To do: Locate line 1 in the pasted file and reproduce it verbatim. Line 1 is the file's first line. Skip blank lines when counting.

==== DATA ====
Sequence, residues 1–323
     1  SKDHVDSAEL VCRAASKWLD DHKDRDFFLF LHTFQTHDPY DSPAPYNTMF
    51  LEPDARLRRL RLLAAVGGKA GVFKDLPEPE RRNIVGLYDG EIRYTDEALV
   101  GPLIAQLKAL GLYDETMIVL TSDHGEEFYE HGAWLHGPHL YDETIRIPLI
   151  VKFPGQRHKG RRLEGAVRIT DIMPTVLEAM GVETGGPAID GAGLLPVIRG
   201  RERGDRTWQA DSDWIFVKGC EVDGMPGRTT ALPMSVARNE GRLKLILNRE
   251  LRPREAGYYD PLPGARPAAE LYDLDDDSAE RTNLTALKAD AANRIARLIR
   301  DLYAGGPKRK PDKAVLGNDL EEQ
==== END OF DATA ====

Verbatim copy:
Sequence, residues 1–323